People and document awareness capabilities are offered by the Lotus Sametime product family, which is described at http://www.sametime.com and at http://www.lotus.com/sametime. A Sametime server is used to keep track of users at certain virtual places, for example, on a particular Web site or Web page. A Sametime client, which runs on the users' computers, enables users to log onto the Sametime server and authenticate themselves. For each user, the client maintains a list of the other users who are currently at the same virtual place, typically on the same Web page, as he or she is. The server generates an “event” when a user enters or leaves the site or moves to a new page on the site, so that the clients' user lists are updated.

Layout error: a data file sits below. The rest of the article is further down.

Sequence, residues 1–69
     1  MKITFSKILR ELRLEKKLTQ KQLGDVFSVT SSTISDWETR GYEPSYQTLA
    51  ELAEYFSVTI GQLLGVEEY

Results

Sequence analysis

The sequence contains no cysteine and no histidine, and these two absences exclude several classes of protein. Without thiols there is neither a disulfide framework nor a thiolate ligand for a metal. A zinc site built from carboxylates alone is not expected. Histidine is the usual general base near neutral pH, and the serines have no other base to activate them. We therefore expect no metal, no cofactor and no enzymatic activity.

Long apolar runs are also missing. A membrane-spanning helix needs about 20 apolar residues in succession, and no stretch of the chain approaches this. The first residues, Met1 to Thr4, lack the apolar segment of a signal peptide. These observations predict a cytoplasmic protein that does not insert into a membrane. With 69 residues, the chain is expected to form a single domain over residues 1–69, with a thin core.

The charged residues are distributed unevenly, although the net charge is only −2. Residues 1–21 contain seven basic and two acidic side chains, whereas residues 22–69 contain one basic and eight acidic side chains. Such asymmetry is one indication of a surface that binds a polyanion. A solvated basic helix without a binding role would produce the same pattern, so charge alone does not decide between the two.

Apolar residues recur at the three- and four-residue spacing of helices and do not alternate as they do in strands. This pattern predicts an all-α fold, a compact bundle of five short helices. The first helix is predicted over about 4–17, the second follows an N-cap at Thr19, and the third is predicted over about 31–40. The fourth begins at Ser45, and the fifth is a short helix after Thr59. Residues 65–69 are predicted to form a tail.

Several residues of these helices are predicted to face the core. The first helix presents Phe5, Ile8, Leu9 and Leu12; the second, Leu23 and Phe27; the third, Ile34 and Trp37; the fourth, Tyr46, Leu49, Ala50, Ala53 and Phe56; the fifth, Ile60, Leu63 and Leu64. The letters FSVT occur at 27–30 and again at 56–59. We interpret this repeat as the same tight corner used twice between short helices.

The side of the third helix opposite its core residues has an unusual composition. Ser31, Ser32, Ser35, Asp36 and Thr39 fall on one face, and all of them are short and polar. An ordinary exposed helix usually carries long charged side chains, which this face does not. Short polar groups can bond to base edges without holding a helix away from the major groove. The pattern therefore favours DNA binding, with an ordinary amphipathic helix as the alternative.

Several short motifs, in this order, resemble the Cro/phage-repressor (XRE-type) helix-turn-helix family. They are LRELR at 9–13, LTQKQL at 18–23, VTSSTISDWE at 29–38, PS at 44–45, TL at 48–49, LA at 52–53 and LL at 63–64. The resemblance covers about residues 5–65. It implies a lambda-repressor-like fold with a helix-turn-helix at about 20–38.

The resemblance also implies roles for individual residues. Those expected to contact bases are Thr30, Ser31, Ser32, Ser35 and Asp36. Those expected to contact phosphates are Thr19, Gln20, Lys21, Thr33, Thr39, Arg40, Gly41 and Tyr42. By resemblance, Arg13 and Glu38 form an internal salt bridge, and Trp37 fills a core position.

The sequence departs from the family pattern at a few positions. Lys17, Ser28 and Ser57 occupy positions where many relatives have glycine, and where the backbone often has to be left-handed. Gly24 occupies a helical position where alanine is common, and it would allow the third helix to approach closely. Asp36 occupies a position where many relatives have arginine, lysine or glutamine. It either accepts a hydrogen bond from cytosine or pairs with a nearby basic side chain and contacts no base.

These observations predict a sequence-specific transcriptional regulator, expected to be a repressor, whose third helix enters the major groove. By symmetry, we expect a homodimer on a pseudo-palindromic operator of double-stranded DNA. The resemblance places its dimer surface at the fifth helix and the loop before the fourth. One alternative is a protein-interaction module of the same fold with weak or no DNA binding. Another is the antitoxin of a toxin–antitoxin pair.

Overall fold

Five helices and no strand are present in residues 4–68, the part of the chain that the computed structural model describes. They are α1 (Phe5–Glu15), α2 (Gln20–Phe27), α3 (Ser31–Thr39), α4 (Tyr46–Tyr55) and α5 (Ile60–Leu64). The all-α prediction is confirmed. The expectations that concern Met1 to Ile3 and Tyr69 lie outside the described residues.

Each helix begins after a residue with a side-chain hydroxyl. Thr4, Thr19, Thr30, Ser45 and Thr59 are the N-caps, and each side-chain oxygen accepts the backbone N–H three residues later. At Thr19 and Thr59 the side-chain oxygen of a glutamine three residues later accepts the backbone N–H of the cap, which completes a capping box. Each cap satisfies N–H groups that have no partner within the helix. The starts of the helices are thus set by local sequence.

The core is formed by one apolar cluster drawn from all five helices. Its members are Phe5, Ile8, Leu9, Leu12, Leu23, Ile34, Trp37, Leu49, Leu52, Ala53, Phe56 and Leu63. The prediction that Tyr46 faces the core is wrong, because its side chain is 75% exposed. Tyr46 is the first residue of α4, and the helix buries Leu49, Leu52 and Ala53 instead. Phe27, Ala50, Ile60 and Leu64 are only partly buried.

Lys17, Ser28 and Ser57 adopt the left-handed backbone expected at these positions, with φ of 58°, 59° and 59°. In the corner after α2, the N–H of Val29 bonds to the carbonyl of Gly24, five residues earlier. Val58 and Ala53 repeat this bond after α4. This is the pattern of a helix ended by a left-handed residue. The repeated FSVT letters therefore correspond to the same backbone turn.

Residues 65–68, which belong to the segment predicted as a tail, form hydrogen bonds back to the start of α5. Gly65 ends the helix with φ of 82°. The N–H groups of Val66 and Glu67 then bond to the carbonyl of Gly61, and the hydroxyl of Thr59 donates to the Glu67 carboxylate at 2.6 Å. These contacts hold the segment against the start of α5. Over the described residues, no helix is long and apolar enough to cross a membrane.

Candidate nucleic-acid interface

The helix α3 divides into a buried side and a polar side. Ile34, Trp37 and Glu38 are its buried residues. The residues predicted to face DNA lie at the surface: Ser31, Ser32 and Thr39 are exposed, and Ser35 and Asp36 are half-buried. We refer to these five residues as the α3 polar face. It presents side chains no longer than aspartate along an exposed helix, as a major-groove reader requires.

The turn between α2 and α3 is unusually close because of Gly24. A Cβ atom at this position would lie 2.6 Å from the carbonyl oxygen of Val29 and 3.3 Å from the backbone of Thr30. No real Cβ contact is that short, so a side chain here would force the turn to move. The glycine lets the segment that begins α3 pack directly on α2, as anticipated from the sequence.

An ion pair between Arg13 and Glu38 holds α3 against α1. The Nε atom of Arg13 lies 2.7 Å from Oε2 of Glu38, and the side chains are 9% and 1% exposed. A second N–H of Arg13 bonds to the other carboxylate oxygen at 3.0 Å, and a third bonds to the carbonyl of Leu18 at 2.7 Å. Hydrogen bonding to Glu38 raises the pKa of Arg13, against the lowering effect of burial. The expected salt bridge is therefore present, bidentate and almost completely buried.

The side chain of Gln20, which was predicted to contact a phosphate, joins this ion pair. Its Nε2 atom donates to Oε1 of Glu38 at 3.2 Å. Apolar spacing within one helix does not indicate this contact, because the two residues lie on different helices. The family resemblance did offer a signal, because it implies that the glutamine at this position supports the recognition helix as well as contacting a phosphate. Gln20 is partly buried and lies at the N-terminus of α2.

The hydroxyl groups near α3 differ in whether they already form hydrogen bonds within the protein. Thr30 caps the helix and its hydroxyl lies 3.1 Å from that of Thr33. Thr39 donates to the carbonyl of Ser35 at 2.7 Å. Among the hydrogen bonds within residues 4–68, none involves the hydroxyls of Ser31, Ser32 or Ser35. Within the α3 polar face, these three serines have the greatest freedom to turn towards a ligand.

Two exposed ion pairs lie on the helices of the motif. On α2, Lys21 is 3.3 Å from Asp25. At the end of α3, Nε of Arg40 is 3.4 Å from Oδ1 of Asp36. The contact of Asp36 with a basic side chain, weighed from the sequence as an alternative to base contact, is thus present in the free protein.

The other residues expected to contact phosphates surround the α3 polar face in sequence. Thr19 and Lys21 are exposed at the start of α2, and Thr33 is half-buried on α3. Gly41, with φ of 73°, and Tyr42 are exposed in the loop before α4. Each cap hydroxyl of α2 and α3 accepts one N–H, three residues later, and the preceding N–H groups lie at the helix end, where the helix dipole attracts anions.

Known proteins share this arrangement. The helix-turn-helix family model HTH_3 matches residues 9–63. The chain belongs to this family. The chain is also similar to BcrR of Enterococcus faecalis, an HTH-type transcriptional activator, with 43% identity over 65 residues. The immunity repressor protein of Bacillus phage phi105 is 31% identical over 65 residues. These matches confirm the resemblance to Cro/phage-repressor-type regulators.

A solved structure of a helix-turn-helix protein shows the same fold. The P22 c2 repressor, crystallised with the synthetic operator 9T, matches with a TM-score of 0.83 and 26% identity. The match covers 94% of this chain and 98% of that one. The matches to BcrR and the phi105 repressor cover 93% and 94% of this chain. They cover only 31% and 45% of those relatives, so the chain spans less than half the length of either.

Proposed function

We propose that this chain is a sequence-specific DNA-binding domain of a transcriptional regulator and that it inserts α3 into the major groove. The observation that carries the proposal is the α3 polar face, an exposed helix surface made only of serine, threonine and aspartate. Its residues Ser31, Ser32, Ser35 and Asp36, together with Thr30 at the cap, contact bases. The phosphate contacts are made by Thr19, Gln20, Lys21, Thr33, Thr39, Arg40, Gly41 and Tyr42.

The Sametime server also provides synchronous communications services among the users at the site, including chat capability and sharing of objects, such as screen frames, whiteboard drawings and other applications. It thus allows users to conduct two-party and multi-party on-line conferences. An application program interface (API) and toolkit, which are available for download from the above-mentioned Sametime Web site, allow programmers to develop their own applications using Sametime services.
Awareness and chat capabilities for Web surfers are also offered by some browser plug-in programs, such as those provided by netElement (http//:www.netelement.com) and Gooey (http://www.getgooey.com). When a registered user of one of these programs visits a given Web site, a window on the user's browser screen lists the names of other registered users are also visiting the same site. A chat window on screen enables the user to initiate and join discussion groups with the other users on the same site. netElement also offers a “Follow” command, allowing users who have met at one site to browse together to other sites.